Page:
- Maya Yoshida among several top-level players profiled in PWM platform
- His travel in four years equated to circling the equator nearly eight times
- “Players should be listened to more,” says Japan captain
The 2021/22 campaign has been physically challenging for Maya Yoshida.
As a Japanese player based in Italy, Yoshida’s travel load has been extensive during a season packed with international journeys when the defender has had to leave Sampdoria to link up with the national team.
According to FIFPRO’s Player Workload Monitoring platform, the Japan captain travelled a staggering 127,215 kilometres for national team duty during a campaign laden with World Cup qualifiers.
The 33-year-old is no stranger to the travel demands of international football, though: in the last four years, Yoshida’s journeys have equated to him circling the equator nearly eight times.
“This season’s travel load was extremely high due to the World Cup qualifiers,” said Yoshida, who wore the skipper’s armband in 10 qualification matches for Japan. “I didn’t compete in the Europa League, but even without it, I was surprised to see that my travel load was so high just with the league and the national team matches.”
Yoshida was one of a number of top-level players profiled in FIFPRO’s Player Workload Monitoring platform, which shows how professional footballers are clearly in favour of new regulations to address the increasing match congestion and travel burden at the top of the game.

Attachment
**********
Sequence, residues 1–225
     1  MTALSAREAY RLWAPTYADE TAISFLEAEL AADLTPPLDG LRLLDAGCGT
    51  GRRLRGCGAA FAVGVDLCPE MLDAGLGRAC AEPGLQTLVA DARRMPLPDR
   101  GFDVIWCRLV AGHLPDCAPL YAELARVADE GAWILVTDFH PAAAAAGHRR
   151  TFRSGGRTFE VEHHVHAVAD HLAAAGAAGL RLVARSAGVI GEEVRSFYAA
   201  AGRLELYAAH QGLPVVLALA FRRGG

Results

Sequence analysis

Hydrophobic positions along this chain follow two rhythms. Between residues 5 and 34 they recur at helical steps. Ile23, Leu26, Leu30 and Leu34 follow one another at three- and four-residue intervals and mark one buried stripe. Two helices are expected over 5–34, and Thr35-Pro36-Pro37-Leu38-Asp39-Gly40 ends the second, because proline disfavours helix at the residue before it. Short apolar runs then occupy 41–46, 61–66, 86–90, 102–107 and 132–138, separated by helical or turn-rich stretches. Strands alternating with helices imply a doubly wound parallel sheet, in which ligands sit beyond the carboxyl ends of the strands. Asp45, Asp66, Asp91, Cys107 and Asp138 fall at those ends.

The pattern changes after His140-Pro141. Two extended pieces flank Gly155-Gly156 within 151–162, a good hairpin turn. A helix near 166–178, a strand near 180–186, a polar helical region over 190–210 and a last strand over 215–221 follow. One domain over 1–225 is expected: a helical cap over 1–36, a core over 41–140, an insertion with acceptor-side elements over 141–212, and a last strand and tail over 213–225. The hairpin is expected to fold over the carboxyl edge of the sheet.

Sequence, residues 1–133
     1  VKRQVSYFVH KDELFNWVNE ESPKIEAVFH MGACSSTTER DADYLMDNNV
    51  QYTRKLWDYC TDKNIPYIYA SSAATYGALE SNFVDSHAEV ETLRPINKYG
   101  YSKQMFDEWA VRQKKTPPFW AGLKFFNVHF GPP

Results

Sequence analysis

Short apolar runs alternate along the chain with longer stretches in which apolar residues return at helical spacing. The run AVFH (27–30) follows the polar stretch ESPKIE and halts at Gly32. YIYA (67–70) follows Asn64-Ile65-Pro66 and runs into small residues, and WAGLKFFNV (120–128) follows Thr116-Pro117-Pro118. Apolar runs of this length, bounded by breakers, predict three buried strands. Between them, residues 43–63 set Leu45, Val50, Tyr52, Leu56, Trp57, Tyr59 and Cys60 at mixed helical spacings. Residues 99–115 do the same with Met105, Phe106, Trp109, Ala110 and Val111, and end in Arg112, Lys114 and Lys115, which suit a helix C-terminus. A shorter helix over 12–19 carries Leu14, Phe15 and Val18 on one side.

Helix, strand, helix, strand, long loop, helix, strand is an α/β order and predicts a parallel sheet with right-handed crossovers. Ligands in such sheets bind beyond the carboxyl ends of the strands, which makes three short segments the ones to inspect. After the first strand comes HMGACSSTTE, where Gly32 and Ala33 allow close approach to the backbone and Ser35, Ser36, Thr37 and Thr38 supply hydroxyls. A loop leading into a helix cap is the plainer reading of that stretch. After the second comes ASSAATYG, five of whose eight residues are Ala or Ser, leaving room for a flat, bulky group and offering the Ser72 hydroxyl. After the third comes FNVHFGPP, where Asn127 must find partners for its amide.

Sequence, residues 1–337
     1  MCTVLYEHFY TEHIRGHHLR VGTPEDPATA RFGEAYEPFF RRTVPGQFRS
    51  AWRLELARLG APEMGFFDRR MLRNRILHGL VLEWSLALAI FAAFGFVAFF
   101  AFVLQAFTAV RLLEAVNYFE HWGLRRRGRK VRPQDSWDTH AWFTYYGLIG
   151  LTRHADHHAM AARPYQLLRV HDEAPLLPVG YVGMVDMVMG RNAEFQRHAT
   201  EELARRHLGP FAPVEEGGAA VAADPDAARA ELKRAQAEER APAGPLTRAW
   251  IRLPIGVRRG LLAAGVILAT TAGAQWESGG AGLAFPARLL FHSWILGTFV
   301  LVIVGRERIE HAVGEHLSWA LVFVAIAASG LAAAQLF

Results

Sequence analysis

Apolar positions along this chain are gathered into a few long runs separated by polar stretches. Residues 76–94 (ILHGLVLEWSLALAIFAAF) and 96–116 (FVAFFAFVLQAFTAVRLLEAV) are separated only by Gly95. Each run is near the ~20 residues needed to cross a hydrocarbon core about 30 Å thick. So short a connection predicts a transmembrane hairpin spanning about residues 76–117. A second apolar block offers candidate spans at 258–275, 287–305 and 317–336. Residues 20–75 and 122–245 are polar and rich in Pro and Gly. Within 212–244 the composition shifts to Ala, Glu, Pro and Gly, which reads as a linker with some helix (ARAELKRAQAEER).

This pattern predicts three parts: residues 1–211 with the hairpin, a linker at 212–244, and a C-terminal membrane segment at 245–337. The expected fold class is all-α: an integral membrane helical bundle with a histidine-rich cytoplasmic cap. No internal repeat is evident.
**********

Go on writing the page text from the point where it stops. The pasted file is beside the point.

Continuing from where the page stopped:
Maya Yoshida: June 2018-June 2022
- 318,000 total travelled distance (km)
- 25,000 travel time (minutes)
- 59 trips crossing time zones
The survey of 1,055 players and 92 performance experts shows both groups support new measures that would guarantee a minimum-length offseason break and limit repeated back-to-back games. Only 26 percent of players want to maintain international windows as they are.
“You need to be physically tough to keep up with the travel and this is something that all of the Europe-based Asian players struggle with,” said Yoshida, who has also played in England and the Netherlands at club level.
“Jetlag is also an issue. When players return to Japan, they need to play for the national team without having slept at all, and often in matches with a lot of pressure, such as the World Cup qualifiers, which adds a lot of physical and mental stress.
“I believe players should be listened to more and it’s hard for me to understand that there are so many organisations missing the ‘players-first’ mentality.
“It’s important that the Asian players are also able to have discussions with FIFA and UEFA on calendar and scheduling.”